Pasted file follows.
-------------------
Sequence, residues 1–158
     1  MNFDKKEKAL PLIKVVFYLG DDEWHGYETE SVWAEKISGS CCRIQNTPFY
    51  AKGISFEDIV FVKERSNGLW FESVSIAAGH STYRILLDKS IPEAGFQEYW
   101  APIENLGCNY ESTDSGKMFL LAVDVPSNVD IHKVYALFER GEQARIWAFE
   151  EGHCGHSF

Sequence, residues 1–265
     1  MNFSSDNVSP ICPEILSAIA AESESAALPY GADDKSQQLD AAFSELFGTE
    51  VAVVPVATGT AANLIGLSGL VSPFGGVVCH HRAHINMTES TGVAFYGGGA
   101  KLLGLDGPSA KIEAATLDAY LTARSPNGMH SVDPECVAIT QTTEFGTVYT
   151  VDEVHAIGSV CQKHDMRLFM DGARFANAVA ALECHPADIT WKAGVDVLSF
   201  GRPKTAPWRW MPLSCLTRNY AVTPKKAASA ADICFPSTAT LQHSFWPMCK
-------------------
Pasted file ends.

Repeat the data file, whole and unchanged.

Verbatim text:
Sequence, residues 1–158
     1  MNFDKKEKAL PLIKVVFYLG DDEWHGYETE SVWAEKISGS CCRIQNTPFY
    51  AKGISFEDIV FVKERSNGLW FESVSIAAGH STYRILLDKS IPEAGFQEYW
   101  APIENLGCNY ESTDSGKMFL LAVDVPSNVD IHKVYALFER GEQARIWAFE
   151  EGHCGHSF

Sequence, residues 1–265
     1  MNFSSDNVSP ICPEILSAIA AESESAALPY GADDKSQQLD AAFSELFGTE
    51  VAVVPVATGT AANLIGLSGL VSPFGGVVCH HRAHINMTES TGVAFYGGGA
   101  KLLGLDGPSA KIEAATLDAY LTARSPNGMH SVDPECVAIT QTTEFGTVYT
   151  VDEVHAIGSV CQKHDMRLFM DGARFANAVA ALECHPADIT WKAGVDVLSF
   201  GRPKTAPWRW MPLSCLTRNY AVTPKKAASA ADICFPSTAT LQHSFWPMCK